Next week, I'll check into Mayo, one of the world's premier hospitals, to undergo additional treatment in preparation for receiving a new heart. Since my brain tumor turned out to be benign and my prostate cancer has responded to treatment, doctors there said those issues no longer should disqualify me as a candidate for a heart transplant.With the competetion for patients underway as the large health care system land-grab extends across state lines and overseas (See here and here), have the selection criteria for transplant patients remained a form of rationing or really become a form of marketing?
Now that I'm on the list, I am on an around-the-clock standby alert. I have to be ready to be on the operating table within four hours once a compatible heart becomes available. The fact that Chicago is 331 miles from Mayo, in Rochester, Minn., complicates things since I don't have my own charter jet. But the Mayo Med Air charter service could assist me if a commercial flight can't get me there quickly enough.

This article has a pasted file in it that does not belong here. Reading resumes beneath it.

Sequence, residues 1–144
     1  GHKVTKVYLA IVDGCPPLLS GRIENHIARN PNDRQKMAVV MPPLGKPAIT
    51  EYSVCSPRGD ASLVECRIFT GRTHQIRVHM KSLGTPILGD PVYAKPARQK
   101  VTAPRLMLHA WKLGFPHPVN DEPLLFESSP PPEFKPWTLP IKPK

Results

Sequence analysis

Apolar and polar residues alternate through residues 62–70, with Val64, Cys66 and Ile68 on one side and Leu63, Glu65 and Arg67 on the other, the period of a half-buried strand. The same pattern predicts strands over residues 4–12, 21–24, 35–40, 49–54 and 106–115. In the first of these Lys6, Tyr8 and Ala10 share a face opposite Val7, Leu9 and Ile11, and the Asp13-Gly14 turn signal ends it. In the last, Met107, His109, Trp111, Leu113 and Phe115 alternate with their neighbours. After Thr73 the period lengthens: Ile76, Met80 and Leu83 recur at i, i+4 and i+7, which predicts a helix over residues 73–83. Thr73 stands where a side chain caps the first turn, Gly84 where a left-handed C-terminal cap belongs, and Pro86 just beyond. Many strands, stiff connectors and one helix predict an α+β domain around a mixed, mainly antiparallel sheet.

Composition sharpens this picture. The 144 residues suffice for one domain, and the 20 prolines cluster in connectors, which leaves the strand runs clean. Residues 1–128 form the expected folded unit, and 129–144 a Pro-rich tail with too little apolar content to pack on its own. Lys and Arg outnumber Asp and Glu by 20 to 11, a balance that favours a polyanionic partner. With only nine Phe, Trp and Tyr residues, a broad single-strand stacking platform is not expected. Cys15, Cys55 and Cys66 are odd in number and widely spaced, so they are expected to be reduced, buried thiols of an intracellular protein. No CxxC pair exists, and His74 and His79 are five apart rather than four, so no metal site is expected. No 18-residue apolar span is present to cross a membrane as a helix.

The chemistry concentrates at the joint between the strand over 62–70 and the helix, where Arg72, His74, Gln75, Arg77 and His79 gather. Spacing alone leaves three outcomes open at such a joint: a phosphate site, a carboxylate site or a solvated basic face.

The challenge now is the wait. The heart I need will become available only when the donor is declared brain-dead and his heart can be taken from him and implanted in me within four hours. I am told the fact my blood type is B positive increases the chances of me getting a transplant quicker, though there are other patients ahead of me.
I had wanted it all to happen at the University of Chicago Medical Center, where world-renowned Dr. Valluvan Jeevanandam, who performed a triple-bypass on me in 2001, has done more than 1,000 transplants. But that hospital takes a more conservative approach to the fact my prostate cancer still is in remission. They wouldn't put me on the transplant list until I had been using an implanted heart pump ''for several years.''
Fortunately, the Mayo Clinic and Northwestern Memorial Hospital feel I have progressed enough in my recovery from the slow-growing prostate cancer to be eligible for a heart now.